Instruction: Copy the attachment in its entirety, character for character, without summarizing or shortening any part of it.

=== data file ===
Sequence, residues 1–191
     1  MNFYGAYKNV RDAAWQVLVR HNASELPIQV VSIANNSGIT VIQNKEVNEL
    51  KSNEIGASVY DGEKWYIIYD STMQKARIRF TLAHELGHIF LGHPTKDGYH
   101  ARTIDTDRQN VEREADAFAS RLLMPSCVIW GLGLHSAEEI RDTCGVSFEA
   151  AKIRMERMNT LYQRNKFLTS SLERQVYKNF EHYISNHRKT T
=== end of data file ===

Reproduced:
Sequence, residues 1–191
     1  MNFYGAYKNV RDAAWQVLVR HNASELPIQV VSIANNSGIT VIQNKEVNEL
    51  KSNEIGASVY DGEKWYIIYD STMQKARIRF TLAHELGHIF LGHPTKDGYH
   101  ARTIDTDRQN VEREADAFAS RLLMPSCVIW GLGLHSAEEI RDTCGVSFEA
   151  AKIRMERMNT LYQRNKFLTS SLERQVYKNF EHYISNHRKT T